The Trump Administration Is Making It Harder For You To Travel To Cuba

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On Wednesday, White House national security adviser John Bolton announced that America was implementing travel restrictions on Cuba, The Miami Herald reported. As far as travel goes, visiting Cuba for purposes other than meeting family members will be restricted under the new sanctions, according to the publication.

In a clip uploaded to Twitter by Politico, Bolton can be heard saying: "The Department of the Treasury will implement further regulatory changes to restrict non-family travel to Cuba ... These new measures will help steer American dollars away from the Cuban regime or its military and security services who control the tourism industry in Cuba." The Miami Herald noted that with these restrictions, companies that provide air travel and cruises to Cuba could be impacted since fewer trips to the country would be made.

The national security adviser delivered his remarks at the Biltmore Hotel in Coral Gables on Wednesday. Apparently, the purpose of these limits on travel, among other things, is to tackle "the disastrous Obama-era policies, and finally end the glamorization of socialism and communism," according to Bolton.

Additionally, Bolton said the new sanctions would serve as "strong warning to all external actors, including Russia" and other countries who have supported Cuba, including Venezuela and Nicaragua.

Traveling to Cuba has been tough for Americans but not impossible. Forbes reported in 2018 that visiting Cuba, in spite of some major restrictions, was still allowed and wasn’t just limited to family visits. Those interested in visiting the country did have to fall into one of the 12 categories specified by the State Department, which included educational visits, research trips, people-to-people purposes, and a few others.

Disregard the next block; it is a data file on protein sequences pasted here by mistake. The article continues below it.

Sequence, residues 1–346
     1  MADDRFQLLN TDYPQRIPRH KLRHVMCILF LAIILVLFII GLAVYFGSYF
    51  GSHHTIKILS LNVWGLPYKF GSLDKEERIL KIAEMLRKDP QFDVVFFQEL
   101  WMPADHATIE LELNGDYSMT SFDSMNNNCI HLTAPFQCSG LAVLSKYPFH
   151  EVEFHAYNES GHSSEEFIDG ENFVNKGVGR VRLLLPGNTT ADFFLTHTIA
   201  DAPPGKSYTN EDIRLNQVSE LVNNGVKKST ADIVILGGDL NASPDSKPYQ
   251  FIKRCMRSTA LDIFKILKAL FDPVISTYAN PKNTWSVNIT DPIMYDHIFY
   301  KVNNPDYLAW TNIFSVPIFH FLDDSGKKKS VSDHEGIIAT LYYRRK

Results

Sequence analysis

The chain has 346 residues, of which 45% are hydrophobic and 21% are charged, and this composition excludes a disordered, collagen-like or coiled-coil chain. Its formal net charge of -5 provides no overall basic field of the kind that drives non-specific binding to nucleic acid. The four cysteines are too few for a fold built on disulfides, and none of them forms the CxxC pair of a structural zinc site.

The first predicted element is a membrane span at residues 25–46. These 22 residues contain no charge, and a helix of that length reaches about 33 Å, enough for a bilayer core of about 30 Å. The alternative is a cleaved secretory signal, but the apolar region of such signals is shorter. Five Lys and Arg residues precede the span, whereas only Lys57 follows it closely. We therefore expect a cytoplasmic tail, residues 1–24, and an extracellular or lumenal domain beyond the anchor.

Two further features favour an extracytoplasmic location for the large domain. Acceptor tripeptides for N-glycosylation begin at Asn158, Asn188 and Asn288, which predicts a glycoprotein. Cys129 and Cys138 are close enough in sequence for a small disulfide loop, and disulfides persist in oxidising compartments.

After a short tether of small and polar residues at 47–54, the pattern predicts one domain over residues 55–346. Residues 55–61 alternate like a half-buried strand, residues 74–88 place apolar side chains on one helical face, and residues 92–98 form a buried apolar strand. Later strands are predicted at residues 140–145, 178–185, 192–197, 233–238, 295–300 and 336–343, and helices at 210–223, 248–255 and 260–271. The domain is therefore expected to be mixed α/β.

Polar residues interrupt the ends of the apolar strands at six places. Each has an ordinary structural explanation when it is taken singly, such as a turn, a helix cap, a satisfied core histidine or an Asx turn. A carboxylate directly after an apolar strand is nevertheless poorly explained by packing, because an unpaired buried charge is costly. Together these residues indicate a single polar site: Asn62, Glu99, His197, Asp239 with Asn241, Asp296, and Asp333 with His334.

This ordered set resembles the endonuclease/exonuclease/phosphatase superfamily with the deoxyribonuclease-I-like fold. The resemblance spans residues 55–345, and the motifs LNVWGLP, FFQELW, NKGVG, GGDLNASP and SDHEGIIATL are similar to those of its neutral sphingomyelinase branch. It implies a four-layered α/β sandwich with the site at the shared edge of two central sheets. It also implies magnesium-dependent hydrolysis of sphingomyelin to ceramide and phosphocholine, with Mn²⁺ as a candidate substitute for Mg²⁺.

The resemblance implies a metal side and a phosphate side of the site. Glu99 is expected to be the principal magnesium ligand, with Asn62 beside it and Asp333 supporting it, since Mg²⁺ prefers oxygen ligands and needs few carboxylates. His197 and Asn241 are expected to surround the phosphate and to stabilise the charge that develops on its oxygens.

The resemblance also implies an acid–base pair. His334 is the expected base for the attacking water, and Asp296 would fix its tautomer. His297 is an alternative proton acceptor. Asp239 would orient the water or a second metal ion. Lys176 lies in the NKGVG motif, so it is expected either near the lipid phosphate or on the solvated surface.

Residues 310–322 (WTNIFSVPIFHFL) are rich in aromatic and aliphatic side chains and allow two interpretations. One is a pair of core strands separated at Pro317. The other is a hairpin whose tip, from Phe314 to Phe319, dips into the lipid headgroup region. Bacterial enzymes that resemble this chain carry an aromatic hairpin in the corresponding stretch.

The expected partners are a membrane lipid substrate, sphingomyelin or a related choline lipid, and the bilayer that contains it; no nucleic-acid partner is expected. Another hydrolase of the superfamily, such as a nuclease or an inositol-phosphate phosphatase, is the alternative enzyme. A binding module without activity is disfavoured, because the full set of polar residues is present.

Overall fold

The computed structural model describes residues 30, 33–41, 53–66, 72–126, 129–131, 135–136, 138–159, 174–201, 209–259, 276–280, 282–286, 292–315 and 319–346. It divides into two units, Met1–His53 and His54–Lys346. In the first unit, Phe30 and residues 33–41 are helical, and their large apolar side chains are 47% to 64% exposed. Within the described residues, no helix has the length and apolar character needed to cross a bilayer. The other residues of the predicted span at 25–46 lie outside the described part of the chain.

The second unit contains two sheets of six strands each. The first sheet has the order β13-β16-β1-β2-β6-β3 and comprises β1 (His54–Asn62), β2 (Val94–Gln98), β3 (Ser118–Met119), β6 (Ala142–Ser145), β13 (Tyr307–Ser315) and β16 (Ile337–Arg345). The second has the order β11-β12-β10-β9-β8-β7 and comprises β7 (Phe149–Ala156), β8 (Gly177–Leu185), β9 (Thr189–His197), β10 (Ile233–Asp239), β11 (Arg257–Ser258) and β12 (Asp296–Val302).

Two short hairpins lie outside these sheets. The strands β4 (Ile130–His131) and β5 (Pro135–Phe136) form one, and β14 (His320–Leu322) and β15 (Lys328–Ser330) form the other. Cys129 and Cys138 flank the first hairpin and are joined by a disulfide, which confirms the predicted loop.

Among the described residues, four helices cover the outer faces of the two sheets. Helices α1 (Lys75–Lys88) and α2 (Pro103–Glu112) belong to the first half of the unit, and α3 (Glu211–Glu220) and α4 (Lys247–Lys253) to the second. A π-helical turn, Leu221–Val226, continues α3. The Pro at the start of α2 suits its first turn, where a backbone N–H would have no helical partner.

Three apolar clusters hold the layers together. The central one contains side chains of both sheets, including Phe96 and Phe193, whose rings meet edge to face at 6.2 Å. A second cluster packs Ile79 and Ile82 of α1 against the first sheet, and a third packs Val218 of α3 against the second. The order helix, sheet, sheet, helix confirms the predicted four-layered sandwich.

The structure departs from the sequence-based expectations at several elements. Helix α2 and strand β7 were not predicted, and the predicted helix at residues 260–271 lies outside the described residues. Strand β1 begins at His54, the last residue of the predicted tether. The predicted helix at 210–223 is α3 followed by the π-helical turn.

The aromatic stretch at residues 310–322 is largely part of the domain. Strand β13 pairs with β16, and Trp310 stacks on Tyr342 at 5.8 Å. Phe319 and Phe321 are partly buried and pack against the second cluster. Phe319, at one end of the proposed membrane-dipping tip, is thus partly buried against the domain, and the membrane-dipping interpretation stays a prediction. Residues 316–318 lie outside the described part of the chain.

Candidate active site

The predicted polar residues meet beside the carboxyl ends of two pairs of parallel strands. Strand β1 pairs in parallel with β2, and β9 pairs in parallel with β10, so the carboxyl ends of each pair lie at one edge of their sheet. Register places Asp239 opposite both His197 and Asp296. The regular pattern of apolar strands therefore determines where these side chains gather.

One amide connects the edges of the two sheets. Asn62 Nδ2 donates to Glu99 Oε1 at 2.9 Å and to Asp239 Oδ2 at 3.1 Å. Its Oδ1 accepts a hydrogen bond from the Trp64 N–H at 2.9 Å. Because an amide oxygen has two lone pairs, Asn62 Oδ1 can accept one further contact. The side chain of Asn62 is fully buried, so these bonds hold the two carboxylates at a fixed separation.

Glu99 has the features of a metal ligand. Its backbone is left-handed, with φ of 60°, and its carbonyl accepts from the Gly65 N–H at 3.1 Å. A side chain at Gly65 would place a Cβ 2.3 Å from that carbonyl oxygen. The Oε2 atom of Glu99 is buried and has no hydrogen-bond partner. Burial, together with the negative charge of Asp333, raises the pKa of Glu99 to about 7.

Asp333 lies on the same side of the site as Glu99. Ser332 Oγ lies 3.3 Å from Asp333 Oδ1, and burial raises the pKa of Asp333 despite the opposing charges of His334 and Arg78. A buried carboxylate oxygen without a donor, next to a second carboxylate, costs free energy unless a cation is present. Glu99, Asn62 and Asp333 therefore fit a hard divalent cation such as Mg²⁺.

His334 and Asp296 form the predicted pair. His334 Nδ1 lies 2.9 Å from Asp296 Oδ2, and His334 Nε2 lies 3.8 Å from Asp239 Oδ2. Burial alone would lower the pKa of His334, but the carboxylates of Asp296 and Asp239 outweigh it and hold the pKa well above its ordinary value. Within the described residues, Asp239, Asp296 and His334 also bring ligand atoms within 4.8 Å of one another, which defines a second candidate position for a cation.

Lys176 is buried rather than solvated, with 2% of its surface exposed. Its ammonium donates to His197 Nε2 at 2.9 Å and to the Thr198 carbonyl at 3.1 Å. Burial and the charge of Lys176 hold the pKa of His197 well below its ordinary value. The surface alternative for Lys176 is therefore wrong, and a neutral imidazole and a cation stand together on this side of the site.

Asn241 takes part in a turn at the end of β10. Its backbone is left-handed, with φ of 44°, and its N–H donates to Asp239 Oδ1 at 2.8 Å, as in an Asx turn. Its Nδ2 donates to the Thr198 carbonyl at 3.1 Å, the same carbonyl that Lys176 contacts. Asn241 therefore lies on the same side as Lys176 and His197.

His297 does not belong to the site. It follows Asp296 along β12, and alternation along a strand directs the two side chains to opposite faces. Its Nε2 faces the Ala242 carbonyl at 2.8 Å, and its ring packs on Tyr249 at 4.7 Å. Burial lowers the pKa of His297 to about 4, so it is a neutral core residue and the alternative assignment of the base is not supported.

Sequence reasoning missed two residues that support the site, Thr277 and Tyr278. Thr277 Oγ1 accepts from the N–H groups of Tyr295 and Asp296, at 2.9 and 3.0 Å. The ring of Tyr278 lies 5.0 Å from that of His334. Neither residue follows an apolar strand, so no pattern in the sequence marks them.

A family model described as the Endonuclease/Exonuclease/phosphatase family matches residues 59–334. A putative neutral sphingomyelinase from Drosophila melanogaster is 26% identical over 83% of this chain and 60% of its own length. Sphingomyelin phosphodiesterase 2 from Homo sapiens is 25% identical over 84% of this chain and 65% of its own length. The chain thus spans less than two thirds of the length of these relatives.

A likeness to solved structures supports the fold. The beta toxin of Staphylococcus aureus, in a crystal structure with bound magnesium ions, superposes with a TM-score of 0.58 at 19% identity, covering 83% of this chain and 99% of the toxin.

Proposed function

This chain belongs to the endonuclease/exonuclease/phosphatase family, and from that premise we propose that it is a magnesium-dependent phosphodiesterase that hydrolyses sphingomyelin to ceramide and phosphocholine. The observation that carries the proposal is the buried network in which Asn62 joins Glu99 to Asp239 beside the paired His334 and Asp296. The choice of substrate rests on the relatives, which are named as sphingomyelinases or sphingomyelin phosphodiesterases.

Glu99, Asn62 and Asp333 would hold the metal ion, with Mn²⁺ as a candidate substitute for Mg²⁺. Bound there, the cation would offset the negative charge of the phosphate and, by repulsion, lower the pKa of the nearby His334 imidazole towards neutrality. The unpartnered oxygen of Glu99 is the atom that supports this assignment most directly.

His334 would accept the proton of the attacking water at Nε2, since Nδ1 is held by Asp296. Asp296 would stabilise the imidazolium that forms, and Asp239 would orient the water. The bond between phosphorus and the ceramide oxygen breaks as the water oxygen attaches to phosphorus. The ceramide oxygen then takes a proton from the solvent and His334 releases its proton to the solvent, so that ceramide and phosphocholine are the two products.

According to The Washington Post, Bolton said that the Trump administration would also place stricter limits on the amount of finances Cuban Americans want to send to their families in Cuba. These limitations could create problems for Cuban Americans who wish to send remittances to family back in the island nation. In terms of cold and hard currency, people can expect their remittances to be cut at $1,000, according to The Miami Herald.

These new restrictions seem to be near reversals of what Obama spoke of in 2014. In an attempt to improve bilateral relations between the United States and Cuba, Obama said of his administration: "We lifted restrictions for Cuban Americans to travel and send remittances to their families in Cuba."

It seems as if the former president was aware of the potential backlash his announcement would have. "These changes, once controversial, now seem obvious," Obama said in 2014. "Cuban Americans have been reunited with their families, and are the best possible ambassadors for our values."

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The potential repercussions of these new sanctions remain to be seen but they could be pervasive based on the number of Cubans in America. According to The Pew Research Center in 2017, there were "two million Hispanics of Cuban ancestry" in the United States while The Guardian reported that the majority of Cuban Americans live in Miami, Florida.

While there are those who support the Trump administration's stricter limits on Cuban travel and remittances, there are others who have decried the move as counterproductive. National Security Council's former Western Hemisphere director, Mark Feierstein, tweeted on Wednesday: "As Bolton delivers speech in Miami today on Cuba, it's useful to keep in mind that according to public opinion polls, most Cuban-Americans approve the measures taken by the Obama Administration to support the Cuban people."

"The National Security Council is out of step with majority opinion in Miami," he added.